around the pergola to the house and
main road. '
Charles T. Arthur, contractor and
builder, of Bethany, is erecting this
handsome residenco under plans and
specincauons ol n. s. Childs, New
York city. The arrangement
throughout is convenient and the
rooms are so situated as to save
much unnecessary -walking. All the
rooms are well lighted and spacious.
The first floor Is divided into seven
rooms, three pantries, two closets
and a maid's kitchen. A large re
ception hall faces the main entrance
to the house; a library, living room,
dining room, parlors and kitchen
constitute the first floor, A large
double porch, 1G feet In width, sup
ported with four IS foot colonial
columns, 20 inches in diameter,
capped with an Ionic design, graces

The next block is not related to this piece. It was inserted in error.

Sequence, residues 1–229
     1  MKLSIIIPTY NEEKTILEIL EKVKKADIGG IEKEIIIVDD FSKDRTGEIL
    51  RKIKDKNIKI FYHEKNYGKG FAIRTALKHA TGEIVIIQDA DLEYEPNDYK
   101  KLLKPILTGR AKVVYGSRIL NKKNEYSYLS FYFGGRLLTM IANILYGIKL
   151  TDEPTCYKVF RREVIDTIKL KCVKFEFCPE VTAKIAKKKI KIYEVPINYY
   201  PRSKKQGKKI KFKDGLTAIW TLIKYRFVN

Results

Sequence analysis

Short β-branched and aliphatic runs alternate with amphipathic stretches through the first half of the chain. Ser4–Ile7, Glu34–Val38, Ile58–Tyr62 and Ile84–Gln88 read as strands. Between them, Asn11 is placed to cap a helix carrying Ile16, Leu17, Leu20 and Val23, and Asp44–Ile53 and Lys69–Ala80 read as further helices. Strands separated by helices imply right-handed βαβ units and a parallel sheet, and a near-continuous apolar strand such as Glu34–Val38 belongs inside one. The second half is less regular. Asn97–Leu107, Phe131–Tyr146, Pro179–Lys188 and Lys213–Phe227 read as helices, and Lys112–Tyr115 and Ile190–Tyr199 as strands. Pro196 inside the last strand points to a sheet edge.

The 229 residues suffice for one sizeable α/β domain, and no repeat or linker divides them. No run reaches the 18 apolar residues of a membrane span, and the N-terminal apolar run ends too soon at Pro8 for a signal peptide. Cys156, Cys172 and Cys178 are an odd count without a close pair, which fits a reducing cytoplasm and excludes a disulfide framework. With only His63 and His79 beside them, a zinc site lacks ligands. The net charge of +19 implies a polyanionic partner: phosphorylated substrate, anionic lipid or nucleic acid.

the southeast entrance of the build
ing. Handsome stone steps lead
from the house to the private road
way. Tho ground will be terraced
from the landing to a concrete re
taining wall, which will lio
with an ornamental fence. F. J.
Varcoe has been awarded the con
tract to Diuia tne retaining wall.
Tho second floor contains six bed
rooms, closets, with private bath
rooms and a hall extending through
the building. There is a balcony
facing tho west. A railing and
pedestal at each eorner -will add to
the beauty of the porch.
Tho third floor has five bedrooms
and as many closets, bathroom and
A nineteen-foot circumferential
bay window, two stories high, faces
the old town of Bethany. A railing
and pedestal will grace the top of
the window.
The roof has a number of dormer
windows, which light the third story
and add to the beauty and attrac
tiveness of the building. Tho cor
nice decoration consists of lndentlal
brackets trimmed with curve frieze.
All windows, except those of the
back part of the building, will be of
ornamental plate glass. Tho flours
will be of oak and highly polished.
The finish will be In white enamel
with mahogany doors.